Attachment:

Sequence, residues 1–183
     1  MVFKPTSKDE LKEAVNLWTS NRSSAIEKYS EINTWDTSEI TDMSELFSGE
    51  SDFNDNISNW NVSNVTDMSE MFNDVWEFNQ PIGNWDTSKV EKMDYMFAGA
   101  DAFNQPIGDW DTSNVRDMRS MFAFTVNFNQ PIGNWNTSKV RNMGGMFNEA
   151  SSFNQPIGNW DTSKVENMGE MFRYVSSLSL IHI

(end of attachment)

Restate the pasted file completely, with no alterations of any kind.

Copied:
Sequence, residues 1–183
     1  MVFKPTSKDE LKEAVNLWTS NRSSAIEKYS EINTWDTSEI TDMSELFSGE
    51  SDFNDNISNW NVSNVTDMSE MFNDVWEFNQ PIGNWDTSKV EKMDYMFAGA
   101  DAFNQPIGDW DTSNVRDMRS MFAFTVNFNQ PIGNWNTSKV RNMGGMFNEA
   151  SSFNQPIGNW DTSKVENMGE MFRYVSSLSL IHI